Innovating to reach marginalised women and children in Bangladesh





By Parhyse May, Program Officer at The Fred Hollows Foundation

In Bangladesh, it is estimated that women are up to twice as likely to be blind than men1. Despite women over 40 representing the greatest proportion of females who are blind, the proportion of them that access treatment decreases with age. Women who live in rural areas or are part of marginalised groups are particularly affected.

This July, I had the privilege of travelling to Bangladesh with our Senior Gender Advisor to assist the in-country team in incorporating more gender sensitive practices into their programming.

Accompanied by Aminur Rahman, The Foundation’s Senior Project Officer in Bangladesh, our first port of call was a town called Jessore in the country’s southwest. Here, we visited a maternal and child health (MCH) clinic run by a local NGO named Pariabar Kollyan Samity (PKS). We partner with PKS to deliver our ‘Restoring Vision to Marginalised Women and Children in Rural Bangladesh’ project.

Supported by the Australian Government through the Australian NGO Cooperation Program (ANCP), this innovative project is integrating eye health services into MCH clinics for the first time in Bangladesh. These MCH clinics see women from diverse age groups, backgrounds and locations – many of whom are from rural areas or marginalised groups. The women and children visiting these clinics are often accompanied by older family members, who are particularly at risk of eye health issues.

Harnessing PKS’ large female client flow and reputation for providing quality, affordable services, we are able to provide much needed eye health services to women who would otherwise miss out.  Aminur explained to me how fortunate he feels to be able to manage this project.

“I enjoy working with people in the community. Women and children depend on MCH clinics for basic health needs. It is our privilege to make them more aware of eye health issues in a place where they feel comfortable.”

I saw what Aminur was talking about in the Jessore PKS clinic. It was full of women and children of all ages and the clinic’s triage nurse was busy conducting eye examinations. I soon met an elderly patient named Monowara. She sat in the waiting room with a kind smile on her face. I immediately noticed opacity in her eyes – a tell-tale sign of cataracts.

Caption: Monowara sits in the waiting room of the PKS Maternal and Child Health Clinic in Jessore as her daughter nurses a newborn baby upstairs.  Credit: Parhyse May

Monowara told us that she had received cataract surgery at a government hospital thirteen years ago. The surgery was unsuccessful and she never went back, resigning herself to a life of poor vision.

Monowara told us proudly that she had visited the clinic because her daughter Munni had just given birth to a beautiful baby girl. While there, Monawara found that eye health had been integrated into the clinic’s services.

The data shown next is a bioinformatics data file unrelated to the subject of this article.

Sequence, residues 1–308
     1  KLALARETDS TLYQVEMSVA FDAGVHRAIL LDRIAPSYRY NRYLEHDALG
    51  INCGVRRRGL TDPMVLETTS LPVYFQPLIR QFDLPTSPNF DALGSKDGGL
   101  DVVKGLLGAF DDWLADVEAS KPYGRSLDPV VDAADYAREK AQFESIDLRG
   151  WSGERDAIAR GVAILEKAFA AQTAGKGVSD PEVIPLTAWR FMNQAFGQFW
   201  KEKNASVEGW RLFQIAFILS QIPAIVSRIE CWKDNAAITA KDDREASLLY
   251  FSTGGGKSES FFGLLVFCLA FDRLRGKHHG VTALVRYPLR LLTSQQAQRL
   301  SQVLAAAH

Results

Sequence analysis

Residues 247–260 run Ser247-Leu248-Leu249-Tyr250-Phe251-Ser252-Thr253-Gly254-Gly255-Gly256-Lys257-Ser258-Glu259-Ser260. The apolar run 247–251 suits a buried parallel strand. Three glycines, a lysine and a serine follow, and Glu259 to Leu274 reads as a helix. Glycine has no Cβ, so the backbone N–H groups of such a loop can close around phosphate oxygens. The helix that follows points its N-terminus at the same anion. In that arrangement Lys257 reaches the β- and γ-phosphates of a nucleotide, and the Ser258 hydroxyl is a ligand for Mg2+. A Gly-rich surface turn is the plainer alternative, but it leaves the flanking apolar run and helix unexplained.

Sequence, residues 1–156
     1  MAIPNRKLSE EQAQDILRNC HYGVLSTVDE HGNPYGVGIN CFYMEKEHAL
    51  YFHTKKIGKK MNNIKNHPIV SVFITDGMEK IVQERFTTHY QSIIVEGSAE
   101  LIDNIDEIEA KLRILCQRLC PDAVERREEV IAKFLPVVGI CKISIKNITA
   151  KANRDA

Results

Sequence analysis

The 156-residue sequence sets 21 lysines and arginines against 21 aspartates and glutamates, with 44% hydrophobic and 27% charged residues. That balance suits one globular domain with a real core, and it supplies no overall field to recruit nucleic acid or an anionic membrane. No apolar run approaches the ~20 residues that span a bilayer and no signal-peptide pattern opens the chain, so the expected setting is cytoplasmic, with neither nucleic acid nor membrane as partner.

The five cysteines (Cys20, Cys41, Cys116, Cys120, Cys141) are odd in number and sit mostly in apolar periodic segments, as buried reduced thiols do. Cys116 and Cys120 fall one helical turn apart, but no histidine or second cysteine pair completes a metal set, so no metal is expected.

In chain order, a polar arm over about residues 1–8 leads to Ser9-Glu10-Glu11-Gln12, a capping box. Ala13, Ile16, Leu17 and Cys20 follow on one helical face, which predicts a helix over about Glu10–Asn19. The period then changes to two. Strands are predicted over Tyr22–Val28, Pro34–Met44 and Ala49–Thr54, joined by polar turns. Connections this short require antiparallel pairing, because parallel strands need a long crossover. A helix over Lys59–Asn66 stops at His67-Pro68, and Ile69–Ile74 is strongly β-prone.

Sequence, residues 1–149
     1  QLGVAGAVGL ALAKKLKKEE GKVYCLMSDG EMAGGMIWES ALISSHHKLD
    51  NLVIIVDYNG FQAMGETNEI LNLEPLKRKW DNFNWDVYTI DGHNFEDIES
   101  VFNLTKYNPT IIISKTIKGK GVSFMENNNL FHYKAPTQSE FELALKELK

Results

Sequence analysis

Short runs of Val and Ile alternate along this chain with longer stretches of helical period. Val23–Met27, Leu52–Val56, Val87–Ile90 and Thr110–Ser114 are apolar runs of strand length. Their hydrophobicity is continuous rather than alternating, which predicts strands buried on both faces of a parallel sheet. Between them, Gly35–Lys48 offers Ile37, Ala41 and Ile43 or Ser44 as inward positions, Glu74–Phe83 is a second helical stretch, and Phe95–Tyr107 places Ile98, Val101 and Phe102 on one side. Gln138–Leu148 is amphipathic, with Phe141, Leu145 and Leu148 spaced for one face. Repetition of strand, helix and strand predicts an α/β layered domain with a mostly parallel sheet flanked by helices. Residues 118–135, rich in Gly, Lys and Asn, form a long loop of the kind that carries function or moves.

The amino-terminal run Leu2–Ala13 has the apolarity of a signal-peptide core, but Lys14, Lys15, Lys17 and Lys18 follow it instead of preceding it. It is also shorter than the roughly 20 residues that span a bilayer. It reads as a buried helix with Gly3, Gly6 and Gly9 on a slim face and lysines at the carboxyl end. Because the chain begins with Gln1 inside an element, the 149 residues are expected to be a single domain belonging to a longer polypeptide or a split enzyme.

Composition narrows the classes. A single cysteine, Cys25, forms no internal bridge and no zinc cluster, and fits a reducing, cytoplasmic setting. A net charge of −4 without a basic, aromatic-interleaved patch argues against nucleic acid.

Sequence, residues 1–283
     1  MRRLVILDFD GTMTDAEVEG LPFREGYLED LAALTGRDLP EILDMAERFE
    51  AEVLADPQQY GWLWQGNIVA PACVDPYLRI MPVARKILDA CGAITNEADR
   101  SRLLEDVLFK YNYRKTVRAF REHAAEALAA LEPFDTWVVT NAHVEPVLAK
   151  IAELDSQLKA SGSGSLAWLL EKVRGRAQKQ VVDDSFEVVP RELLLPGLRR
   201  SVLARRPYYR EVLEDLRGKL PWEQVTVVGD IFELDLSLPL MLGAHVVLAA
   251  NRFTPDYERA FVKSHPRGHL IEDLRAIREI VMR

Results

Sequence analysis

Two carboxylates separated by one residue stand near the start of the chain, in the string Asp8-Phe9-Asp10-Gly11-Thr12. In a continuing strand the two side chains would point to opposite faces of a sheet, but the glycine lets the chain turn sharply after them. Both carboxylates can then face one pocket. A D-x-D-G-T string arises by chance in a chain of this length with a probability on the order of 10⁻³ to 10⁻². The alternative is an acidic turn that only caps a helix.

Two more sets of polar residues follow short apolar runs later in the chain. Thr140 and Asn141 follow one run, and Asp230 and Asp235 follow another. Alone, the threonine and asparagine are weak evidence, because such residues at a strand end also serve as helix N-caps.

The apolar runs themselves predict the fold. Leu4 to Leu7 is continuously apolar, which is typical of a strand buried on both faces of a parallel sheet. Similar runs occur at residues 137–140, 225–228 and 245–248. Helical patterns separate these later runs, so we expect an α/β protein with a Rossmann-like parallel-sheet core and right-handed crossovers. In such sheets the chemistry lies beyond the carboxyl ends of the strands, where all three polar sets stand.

The clinic’s triage nurse, who had been trained in basic eye care by The Foundation, noticed Monawara’s cataracts and informed her that the clinic would soon have a fully functioning operating theatre. If Monawara wanted, her cataract surgery could be fixed.

Monowara and her family are exactly the kind of people this project aims to reach, and Aminur said it was “very exciting,” to witness the project’s vision coming to life first-hand. “That was a special opportunity for us to see three generations in one hospital, and to see them receive eye health services as well as MCH services.”

Less than six months later, I am happy to report that the clinic’s operating theatre is up and running, with 108 people having received sight-saving surgery thus far. More people are receiving eye health services at the clinic than MCH services, which is a huge feat considering the number of women and children that visit the clinic. Thanks to ANCP and our in-country partners, many people like Monowara will be able to lift themselves out of darkness and fully enjoy the gift of sight – something they may not have ever thought possible.


Monowara’s daughter Munni nurses her newborn baby girl in PKS’ maternity ward. Credit: Parhyse May

Parhyse May is an early career International Public Health professional who is interested in matters of health equity, particularly in the context of gender. After studying a Bachelor of Science (Immunobiology) and a Master of International Public Health at the University of Sydney, Parhyse worked as a Research Assistant at the Kids Research Institute of the Children’s Hospital at Westmead while also volunteering as a Project Officer for the Bangladesh Cerebral Palsy Register (an initiative of CSF Global). Since July 2016, Parhyse has worked as a Program Officer at The Fred Hollows Foundation headquarters in Sydney. She works closely with The Foundation’s in-country staff around the globe to assist in developing their projects and managing funds from DFAT and other institutional donors.

Australia is proud to partner with The Fred Hollows Foundation through the ANCP. This unique Australian Aid program has supported The Foundation’s community-based eye health projects since 1997. 

  1. Dineen BP, Bourne RRA, Ali SM, Huq DMN, Johnson GJ. Prevalence and causes of blindness and visual impairment in Bangladeshi adults: results of the National Blindness and Low Vision Survey of Bangladesh. The British Journal of Ophthalmology. 2003;87(7):820-828.



One thought on “Innovating to reach marginalised women and children in Bangladesh

  1. Deirdre Chambers

    Well done DFAT for supporting the work of the wonderful Fred Hollows Foundation. It never ceases to amaze me how much good has been achieved in the world by this one man’s simple idea.

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